Implications of Zambia’s movement out of LDC category
By Kanni Wignaraja, UN Resident Coordinator in Zambia
The recently ended 4th UN conference on Least Developed Countries (LDCs) held in Turkey assessed the results of the 10-year action plan for LDCs adopted in Brussels, Belgium, in 2001. The conference closed with a number of recommendations seeking to halve, from 48 to 24, the number of LDCs during the next 10 years.
The pace and pattern of the movement out of the ‘LDC category’ has significant implications for Zambia in both the immediate and long term. First, it points to a changing development finance landscape for the country, where the traditional sources and uses of Official Development Assistance (ODA) see a transition. ODA will flow more to areas in patterns that follow the middle income countries – for more targeted interventions that look to address issues of inequity and exclusion, to better access global and regional public goods, and for niche areas of market development and job creation.
Newer forms of ODA, including that which flows through public-private partnerships and market driven instruments such as forms of climate financing will also become more of the norm. Zambia will have to ensure it is highly competitive in this new world, and has the policy mix and institutional capabilities to support and sustain such engagements.
Second, it can change the very fundamentals the economic drivers of growth for the country. During the conference, the majority of the delegates of the LDCs, including Zambia, voiced the need for LDCs to have greater access to international markets for their products and appealed to the developed world to support them in building the capacity of their respective public and private sectors’ economic and social institutions. This demand was incorporated into the key recommendations of the conference. Developed countries have been advised to realize timely implementation of duty-free, quota-free market access on a lasting basis for all LDCs consistent with Hong Kong declaration by the World Trade Organization in 2005, make substantial efforts for early conclusion of the Doha trade talks and reaffirm special and preferential treatment for LDCs in WTO trade agreements.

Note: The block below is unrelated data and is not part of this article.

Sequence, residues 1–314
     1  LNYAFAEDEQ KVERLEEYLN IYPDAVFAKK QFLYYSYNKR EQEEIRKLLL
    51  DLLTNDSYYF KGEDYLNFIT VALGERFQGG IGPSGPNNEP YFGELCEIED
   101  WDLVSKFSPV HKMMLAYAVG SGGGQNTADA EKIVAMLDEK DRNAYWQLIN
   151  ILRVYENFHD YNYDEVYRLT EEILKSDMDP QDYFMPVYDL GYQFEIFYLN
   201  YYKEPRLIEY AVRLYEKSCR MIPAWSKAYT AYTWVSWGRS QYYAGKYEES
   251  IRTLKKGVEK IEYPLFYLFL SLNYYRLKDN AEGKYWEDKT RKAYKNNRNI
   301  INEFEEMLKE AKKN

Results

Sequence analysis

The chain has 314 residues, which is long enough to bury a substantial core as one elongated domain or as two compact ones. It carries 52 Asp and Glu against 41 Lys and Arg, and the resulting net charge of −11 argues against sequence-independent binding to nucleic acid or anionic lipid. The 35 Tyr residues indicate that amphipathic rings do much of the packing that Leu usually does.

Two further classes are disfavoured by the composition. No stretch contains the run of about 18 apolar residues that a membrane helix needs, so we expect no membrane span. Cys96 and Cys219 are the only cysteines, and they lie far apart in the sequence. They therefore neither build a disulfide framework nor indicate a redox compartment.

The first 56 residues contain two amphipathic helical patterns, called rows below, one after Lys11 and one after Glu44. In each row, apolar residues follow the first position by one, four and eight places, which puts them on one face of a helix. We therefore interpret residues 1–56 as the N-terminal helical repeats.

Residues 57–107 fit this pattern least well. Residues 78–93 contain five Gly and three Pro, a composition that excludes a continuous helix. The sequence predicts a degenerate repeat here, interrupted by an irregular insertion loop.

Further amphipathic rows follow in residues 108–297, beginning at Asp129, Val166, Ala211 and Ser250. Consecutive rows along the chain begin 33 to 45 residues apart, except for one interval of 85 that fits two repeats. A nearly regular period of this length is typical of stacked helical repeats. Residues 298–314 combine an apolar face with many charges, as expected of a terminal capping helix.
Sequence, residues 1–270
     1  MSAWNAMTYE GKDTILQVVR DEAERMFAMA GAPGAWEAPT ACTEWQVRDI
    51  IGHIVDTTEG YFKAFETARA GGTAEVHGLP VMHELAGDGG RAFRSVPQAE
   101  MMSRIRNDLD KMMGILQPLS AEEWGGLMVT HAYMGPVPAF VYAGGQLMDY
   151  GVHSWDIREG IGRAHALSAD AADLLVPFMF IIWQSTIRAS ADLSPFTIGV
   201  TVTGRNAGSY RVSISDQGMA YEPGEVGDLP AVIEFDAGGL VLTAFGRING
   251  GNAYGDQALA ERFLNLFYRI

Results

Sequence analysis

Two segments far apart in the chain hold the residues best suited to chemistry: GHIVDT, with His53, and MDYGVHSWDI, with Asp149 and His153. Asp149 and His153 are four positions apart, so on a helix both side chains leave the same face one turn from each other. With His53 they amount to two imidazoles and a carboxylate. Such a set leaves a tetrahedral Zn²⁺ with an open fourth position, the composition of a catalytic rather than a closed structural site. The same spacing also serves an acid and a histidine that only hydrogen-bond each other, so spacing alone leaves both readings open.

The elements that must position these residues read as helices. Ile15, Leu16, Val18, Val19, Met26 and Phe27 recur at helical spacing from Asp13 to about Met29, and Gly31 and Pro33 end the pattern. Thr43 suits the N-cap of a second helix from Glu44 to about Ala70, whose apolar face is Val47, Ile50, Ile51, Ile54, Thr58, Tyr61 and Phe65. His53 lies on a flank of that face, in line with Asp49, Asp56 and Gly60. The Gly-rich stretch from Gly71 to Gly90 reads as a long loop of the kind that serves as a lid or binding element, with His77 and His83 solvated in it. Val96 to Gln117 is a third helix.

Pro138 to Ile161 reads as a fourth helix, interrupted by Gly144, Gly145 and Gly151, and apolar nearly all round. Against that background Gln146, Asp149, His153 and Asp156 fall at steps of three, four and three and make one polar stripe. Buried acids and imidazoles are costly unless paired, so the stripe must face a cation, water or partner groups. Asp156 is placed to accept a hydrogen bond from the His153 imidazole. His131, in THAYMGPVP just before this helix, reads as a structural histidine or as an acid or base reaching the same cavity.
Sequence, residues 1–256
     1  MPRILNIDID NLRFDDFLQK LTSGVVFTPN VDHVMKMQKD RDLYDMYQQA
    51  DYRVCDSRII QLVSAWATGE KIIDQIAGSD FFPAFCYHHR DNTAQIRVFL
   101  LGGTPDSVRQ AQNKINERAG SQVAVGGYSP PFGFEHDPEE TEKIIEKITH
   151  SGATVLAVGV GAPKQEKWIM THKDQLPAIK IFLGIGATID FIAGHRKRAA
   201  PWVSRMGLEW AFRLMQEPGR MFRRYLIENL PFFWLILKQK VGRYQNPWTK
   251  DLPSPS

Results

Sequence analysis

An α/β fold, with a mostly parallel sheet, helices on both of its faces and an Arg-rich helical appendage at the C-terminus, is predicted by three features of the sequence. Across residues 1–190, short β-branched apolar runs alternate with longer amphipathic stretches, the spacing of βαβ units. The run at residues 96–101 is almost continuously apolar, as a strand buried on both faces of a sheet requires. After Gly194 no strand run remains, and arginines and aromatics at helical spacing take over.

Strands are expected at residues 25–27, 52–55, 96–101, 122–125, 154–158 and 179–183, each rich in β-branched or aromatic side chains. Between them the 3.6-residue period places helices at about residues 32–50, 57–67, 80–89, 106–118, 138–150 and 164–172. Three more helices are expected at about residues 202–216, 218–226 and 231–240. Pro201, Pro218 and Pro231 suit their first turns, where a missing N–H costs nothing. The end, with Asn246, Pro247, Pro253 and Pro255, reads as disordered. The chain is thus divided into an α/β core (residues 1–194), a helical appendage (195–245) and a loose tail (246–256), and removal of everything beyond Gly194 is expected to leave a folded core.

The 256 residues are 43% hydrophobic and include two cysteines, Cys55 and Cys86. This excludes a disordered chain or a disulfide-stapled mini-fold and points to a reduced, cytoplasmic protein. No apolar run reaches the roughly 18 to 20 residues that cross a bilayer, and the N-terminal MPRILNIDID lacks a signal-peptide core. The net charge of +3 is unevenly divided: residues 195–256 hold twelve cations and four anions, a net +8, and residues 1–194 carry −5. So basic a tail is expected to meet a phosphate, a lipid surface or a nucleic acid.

Zambia has a young population, with 46% of the population being under the age of 15. The realization of vision 2030, for Zambia to become a prosperous middle income country, lies in investing in its people and institutions, to raise its bar on human development. The quality of education, sharpening entrepreneurship skills and opening up markets so competition can thrive with government oversight, is key to meeting the needed global standards to attract the right quality of development financing and investments that Zambia strives for, to ensure a level playing field that’s best for the country in an increasingly competitive world.
Reality in the picture: Zambian children in a rural ‘classroom’. No desks.
In the last 10 years the country has experienced sustained and significant economic growth, averaging over 5%, and while this has pushed progress on some fronts such as in infrastructure development and primary school enrolment, the broader based benefits of this growth must now be focused on improving the lives of the rural and urban poor. As global experience shows, this broad based ‘lift’ to rural economies will establish a higher level of human development and a rise in the overall institutional capabilities of a country, that then attracts and maintains a more predictable and broad-based investment pattern where much of the gains of the new development finance, including FDI, remain to benefit a broader segment of the country.